Rainbow: One of the most common but most spectacular sky displays. Rainbows are caused by the reflection and refraction (bending) of sunlight passing through raindrops. In heavy rains a double rainbow can often be seen. The sequence of a rainbow’s colors is red, orange, yellow, green, blue, indigo and violet.
Relative Humidity: The ratio of water vapor contained in the air compared to the maximum amount of moisture that the air can hold at that specific temperature and pressure.
Ridge: An elongated area of high pressure.
Saffir-Simpson Scale: A hurricane intensity scale that relates hurricane damage to wind speeds and central air pressures.
Category 1: wind speeds 74-95 mph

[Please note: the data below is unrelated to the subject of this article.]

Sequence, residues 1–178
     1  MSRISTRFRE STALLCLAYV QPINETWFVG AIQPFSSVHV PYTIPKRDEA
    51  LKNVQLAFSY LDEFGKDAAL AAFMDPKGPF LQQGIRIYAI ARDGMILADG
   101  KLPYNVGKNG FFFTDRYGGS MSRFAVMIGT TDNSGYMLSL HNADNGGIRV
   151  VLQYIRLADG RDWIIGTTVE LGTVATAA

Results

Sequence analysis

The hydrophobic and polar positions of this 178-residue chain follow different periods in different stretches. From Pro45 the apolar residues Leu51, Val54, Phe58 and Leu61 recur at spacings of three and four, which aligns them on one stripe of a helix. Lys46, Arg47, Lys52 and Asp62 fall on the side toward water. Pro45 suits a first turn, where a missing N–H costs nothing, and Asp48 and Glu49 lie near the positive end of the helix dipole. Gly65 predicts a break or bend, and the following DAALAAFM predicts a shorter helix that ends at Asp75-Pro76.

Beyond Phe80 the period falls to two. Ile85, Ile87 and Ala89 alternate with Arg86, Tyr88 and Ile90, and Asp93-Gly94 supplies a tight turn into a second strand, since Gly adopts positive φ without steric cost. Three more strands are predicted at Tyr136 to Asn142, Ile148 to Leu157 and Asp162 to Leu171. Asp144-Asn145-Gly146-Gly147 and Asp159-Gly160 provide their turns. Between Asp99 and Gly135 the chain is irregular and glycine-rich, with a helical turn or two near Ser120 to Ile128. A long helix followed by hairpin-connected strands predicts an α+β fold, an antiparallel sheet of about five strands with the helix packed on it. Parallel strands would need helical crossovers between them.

Category 2: wind speeds 96-110 mph
Category 3: wind speeds 111-130 mph
Category 4: wind speeds 131-155 mph
Category 5: wind speeds over 155 mph
Seasons: The earth's position in relation to the sun is always changing. The earth spins around its axis, an imaginary line that runs between the north and south poles. One complete spin takes 24 hours, and at any moment, half of the earth is lit and warm (day), while the other half faces away from the sun (night). While it spins the earth also moves around the sun in a circle, called an orbit, and the orbit takes one year to complete. As the earth moves and spins it is tilted in one direction at an angle of 23 degrees. It stays tilted all the time as it orbits the sun so that each area of earth receives different amounts of the sun's energy at different times of the year. This is why we have seasons.